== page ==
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TU Eindhoven Kicks off Renewable Energy Systems Institute EIRES

By August 31, 2020 2   min read  (309 words)

August 31, 2020 |

TUE EIRES
  • TUE is investing 10 million euros in the establishment of the new institute
  • EIRES has started the Dutch Electrolyzer consortium

Eindhoven University of Technology (TUE) has launched the Eindhoven Institute for Renewable Energy Systems (EIRES) on Monday, during the opening of the academic year. EIRES aims to work closely with the high-tech industry to develop decentralized and smart solutions for energy conversion and storage. TUE is investing 10 million euros in the establishment of the new institute.

“We have excellent researchers in the field of energy storage and conversion, among other things. Moreover, the Brainport Region Eindhoven has a fantastic high-tech and manufacturing industry that can help with the energy transition. We’re joining these forces in this new institute,” says TUE president Robert-Jan Smits.

“We’re trying to rise to the biggest challenge of the energy transition: making the energy, transport and chemical sectors sustainable all at the same time. So it’s not only about energy, but also about sustainable and high-quality raw materials for chemistry,” explains Richard van de Sanden, the scientific director of EIRES.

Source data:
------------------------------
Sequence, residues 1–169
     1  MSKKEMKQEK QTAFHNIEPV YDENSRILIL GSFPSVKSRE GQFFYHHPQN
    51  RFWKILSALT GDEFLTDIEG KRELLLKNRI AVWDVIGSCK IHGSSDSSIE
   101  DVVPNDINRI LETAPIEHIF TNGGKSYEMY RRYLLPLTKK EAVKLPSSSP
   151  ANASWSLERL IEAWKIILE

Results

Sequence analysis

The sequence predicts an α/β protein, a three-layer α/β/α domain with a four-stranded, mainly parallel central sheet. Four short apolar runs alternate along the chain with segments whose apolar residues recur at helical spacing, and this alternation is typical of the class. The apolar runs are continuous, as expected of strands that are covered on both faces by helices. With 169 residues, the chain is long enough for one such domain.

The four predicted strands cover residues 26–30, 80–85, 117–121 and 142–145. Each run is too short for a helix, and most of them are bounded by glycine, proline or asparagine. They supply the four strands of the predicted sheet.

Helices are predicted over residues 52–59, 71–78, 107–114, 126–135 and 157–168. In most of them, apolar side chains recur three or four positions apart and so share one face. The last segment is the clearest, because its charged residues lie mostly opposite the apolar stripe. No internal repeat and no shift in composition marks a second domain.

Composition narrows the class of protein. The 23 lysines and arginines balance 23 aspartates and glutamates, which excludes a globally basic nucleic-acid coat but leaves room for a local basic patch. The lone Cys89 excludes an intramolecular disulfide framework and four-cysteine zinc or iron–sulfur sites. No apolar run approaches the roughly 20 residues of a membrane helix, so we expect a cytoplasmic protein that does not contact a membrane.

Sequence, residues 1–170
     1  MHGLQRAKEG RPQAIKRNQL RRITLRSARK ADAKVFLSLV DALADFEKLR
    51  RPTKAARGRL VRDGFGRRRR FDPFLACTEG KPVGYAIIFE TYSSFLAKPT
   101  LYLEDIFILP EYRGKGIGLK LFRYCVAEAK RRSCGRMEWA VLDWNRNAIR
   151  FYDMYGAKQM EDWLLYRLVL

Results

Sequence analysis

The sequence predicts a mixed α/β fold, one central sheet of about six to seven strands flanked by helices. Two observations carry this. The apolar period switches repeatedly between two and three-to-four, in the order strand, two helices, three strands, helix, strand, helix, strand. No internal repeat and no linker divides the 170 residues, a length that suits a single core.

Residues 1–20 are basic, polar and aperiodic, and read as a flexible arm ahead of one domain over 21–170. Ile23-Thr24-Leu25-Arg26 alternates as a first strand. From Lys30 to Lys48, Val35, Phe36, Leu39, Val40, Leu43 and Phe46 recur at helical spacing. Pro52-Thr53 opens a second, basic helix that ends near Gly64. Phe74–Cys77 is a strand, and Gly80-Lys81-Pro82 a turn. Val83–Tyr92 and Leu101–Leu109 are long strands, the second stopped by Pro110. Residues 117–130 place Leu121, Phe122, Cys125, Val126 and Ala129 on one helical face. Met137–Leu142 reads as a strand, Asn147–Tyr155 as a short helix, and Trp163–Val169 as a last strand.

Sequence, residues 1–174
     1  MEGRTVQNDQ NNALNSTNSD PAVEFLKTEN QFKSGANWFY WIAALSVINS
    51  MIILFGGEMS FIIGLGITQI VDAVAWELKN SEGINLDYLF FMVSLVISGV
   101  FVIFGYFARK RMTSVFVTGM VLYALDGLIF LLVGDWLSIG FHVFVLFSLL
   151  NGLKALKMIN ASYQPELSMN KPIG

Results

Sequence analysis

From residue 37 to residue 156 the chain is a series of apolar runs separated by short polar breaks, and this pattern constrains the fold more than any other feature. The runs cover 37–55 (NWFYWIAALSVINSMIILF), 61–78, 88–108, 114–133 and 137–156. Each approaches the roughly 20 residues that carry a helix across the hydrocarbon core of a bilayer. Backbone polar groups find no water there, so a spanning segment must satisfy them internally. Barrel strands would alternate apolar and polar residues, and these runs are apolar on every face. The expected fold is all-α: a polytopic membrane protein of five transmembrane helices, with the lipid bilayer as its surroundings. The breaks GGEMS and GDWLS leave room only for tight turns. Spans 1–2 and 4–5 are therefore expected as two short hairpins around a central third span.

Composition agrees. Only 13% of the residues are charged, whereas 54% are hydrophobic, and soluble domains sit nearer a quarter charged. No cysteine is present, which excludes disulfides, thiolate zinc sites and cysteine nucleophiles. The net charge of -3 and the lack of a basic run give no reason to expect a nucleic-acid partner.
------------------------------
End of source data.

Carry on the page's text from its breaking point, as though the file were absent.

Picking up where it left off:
As an example, EIRES has started the Dutch Electrolyzer consortium, working towards a production line for electrolyzers, which ‘split’ water into hydrogen and oxygen by running electric current through it. Hydrogen can store energy from wind or solar panels but can also be used as feedstock for the chemical industry, as input for fuel cells to generate electricity, and as a clean-burning fuel itself.

The consortium focuses on small-scale modular devices, of which the production can easily be scaled up. This way, electrolyzers can easily be installed in neighborhoods, or perhaps even in individual wind turbines. TUE and VDL Groep recently signed a letter of intent to further develop this technology together.

Other EIRES research programs focus on heat batteries, metal fuels and modeling and simulation tools for future energy systems.

Source: TUE

 

 

 

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